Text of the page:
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Re: Best Movie/Animation Format for LARGE files

wcapehar@my-deja.com wrote:

> I have been working on some large image time series (long in time and
> large in size) and am wondering what the best format (jpeg/mpeg) for
> saving them with the least distortion to the frames.
> Ideas? (I'm already breaking up the time series into smaller clips.)
> Thanks much
> Bill Capehart
> Sent via Deja.com http://www.deja.com/
> Before you buy.

Hi Bill:
    Well, this is the one issue in this NG that I can add something to
the discussion (though I program in IDL for 5 years or so, I'm no
expert). I use direct graphics (too lazy to learn Object graphics) and
make animations from 1 MB to 300MB (mpeg's and mjpeg's). I don't
know if you can fix IDL's image quality problems, but I do know that
there is a default 'quality' factor of 50 or 75 % written into the MPEG
routines provided with IDL. I use a separate encoder, already mentioned
by another poster here, and generate frames in IDL. The quality is much
better than those produced in IDL (btw, IDL makes MPEG-2, while the
Stanford encoder, is MPEG-1, an older standard, but more common).
I use PPM or GIF format for the frames, as I recall, JPEG didn't give as

nice of results. I think the reason is JPEG is a lossy compression, and
Stanford encoder will take that JPEG and convert it to PPM and then to
.Y .U .V component files, then use the MPEG compression, so you are
compressing something that has already undergone compression. I could
be wrong about that, but my experience is JPEG gave lower quality
GIF gives you nice clean colors and a small file size. PPM is akin to
in that it is not compressed and has the full color palette included,
but is
much larger that GIF. I didn't see a difference for my animations in
of quality when using GIF instead of PPM, though the frame file size is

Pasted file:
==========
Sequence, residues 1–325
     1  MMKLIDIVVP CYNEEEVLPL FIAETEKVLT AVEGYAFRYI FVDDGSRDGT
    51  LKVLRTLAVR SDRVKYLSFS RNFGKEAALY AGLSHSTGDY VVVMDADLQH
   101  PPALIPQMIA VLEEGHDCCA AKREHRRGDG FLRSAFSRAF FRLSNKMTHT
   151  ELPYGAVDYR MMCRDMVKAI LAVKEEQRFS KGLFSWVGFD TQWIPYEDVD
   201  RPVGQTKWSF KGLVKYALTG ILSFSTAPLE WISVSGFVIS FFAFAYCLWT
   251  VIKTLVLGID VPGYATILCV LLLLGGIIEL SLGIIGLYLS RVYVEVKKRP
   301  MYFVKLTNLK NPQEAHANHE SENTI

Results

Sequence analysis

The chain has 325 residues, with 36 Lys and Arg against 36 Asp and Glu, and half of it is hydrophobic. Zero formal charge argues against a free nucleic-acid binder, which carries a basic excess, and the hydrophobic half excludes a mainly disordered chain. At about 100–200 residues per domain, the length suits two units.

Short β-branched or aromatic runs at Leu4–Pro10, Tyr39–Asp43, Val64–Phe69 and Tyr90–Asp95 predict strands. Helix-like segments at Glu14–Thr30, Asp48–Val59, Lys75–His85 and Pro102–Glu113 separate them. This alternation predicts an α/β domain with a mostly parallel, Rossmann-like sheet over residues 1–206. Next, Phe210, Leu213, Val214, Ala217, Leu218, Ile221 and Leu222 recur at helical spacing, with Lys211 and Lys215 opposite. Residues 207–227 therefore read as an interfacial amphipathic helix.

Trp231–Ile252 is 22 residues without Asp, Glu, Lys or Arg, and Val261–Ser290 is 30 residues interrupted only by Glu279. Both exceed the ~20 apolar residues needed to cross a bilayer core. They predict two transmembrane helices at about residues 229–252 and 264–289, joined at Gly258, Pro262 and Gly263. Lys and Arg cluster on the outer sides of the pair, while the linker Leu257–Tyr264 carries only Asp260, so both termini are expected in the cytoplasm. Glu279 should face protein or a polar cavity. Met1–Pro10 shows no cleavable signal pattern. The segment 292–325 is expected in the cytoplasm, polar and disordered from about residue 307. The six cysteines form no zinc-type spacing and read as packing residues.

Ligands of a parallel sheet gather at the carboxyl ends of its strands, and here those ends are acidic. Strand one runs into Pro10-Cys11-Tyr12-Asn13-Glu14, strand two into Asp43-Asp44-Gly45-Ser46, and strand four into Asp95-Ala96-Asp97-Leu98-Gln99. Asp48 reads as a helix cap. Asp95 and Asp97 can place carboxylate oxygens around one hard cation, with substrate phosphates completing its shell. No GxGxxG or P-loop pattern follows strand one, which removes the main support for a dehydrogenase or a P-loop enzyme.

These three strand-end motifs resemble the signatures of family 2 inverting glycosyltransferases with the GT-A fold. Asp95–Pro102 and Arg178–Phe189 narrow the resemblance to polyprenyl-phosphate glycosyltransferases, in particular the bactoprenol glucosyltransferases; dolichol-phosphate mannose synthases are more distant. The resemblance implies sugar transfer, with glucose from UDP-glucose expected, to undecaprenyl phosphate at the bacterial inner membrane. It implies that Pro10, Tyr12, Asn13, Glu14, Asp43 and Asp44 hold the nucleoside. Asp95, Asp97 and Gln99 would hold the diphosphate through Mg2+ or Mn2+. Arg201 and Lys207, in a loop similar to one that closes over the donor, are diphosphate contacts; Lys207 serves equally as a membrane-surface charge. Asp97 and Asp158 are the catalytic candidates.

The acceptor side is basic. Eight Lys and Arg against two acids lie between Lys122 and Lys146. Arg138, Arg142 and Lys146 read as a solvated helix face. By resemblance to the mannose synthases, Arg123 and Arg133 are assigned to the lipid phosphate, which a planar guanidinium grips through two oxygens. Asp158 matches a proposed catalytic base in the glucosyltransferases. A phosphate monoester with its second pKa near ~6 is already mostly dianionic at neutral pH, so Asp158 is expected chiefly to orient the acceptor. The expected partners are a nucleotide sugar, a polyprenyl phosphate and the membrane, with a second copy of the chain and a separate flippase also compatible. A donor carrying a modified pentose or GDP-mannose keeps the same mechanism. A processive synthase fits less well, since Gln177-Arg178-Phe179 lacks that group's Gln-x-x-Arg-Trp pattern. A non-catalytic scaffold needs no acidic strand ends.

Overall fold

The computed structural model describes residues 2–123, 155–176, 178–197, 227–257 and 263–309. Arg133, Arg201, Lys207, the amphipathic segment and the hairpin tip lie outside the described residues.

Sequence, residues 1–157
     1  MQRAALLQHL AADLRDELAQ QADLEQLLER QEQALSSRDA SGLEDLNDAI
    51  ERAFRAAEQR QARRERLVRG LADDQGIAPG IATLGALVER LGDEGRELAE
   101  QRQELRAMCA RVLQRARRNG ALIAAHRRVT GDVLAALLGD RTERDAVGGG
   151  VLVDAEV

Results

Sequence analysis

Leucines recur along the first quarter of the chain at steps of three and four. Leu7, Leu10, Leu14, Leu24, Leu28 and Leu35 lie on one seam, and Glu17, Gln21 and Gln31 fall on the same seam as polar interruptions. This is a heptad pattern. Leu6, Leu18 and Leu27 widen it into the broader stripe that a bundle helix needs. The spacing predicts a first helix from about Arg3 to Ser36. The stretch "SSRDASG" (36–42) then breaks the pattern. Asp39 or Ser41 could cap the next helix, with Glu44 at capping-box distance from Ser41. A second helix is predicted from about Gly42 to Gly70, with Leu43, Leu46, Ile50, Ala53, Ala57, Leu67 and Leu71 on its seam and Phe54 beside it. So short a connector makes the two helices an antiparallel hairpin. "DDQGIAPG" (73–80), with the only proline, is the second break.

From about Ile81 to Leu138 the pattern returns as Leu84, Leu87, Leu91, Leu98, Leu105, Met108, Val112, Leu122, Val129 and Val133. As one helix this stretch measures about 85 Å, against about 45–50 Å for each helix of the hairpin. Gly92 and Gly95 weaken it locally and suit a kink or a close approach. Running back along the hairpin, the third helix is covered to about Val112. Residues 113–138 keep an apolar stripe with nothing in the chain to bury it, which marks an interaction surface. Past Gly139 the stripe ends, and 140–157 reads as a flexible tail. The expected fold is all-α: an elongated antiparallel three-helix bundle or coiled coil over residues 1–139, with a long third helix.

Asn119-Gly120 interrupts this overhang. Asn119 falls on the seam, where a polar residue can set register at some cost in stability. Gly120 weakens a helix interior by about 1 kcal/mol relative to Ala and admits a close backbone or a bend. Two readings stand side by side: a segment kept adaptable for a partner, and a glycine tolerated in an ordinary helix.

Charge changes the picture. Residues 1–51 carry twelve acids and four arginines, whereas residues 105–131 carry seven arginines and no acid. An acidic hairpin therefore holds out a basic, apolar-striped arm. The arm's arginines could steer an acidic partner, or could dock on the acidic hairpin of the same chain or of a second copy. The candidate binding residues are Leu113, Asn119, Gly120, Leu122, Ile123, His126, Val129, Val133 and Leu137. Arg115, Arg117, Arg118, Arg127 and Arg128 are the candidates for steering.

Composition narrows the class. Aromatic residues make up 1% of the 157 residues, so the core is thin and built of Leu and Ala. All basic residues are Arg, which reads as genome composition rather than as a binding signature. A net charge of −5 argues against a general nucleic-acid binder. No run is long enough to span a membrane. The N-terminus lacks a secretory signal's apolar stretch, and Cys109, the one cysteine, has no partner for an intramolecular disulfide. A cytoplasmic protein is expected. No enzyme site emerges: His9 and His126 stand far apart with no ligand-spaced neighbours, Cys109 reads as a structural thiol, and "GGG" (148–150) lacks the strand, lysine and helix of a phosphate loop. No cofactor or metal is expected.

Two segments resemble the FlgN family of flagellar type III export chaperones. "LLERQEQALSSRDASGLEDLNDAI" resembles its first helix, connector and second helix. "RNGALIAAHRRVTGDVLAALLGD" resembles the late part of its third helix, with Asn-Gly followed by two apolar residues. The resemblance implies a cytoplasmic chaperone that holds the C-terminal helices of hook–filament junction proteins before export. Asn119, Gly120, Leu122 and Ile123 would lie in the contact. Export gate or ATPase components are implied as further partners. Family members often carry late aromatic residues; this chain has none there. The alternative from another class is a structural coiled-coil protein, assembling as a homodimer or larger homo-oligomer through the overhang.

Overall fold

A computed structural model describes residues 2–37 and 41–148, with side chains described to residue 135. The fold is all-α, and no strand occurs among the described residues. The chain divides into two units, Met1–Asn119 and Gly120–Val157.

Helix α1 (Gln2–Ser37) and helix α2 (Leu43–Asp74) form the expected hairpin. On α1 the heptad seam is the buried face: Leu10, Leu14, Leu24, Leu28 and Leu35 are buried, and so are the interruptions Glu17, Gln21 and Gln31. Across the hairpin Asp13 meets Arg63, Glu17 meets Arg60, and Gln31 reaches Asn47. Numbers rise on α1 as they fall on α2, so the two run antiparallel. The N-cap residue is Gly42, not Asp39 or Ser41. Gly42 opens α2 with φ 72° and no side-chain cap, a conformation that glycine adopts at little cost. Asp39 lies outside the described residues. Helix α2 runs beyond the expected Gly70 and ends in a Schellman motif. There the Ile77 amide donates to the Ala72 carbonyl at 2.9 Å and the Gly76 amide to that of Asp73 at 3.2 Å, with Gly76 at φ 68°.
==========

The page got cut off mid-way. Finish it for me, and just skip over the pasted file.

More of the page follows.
much reduced.

I got to the stage where I couldn't hold all the frames of my animations
on disk,
and began to use MJPEG. I make each frame and then have IDL run a
shell script that compresses each frame into MJPEG format. The MJPEG
compression does not use intra-frame statistics, like MPEG does, so you
can avoid having to save all the frames on disk before encoding, like
would need to do if you make an MPEG. The exact format of MJPEG
will depend on your playback hardware, and you would need that hardware
to view the animation. If you have $$$, you could write the MJPEG to
DVD, though I hear the DVD writer is a small fortune. The MJPEG will
ultimately not achieve any more compression than MPEG, but you can
avoid the huge slew of frames in production. For instance, for my
with 30 frames/second, 720x480-24bit frames, that's 1.8GB / minute !
You can use lower frame rates, smaller frames, maybe lower color quality

to conserve disk space. Generally MPEG gives you about 30:1 compression.

In an ideal world, I would always use MPEG, as the movies look the best.

Since MPEG only uses a few frames for statistics, it should in principle

be possible to generate only a short sequence of frames and send these
to your own custom-compiled mpeg encoder, and get around having
to generate all the frames beforehand, but I don't know of an encoder
you could use for this. I haven't looked in detail into the Stanford
source, but it is freely available.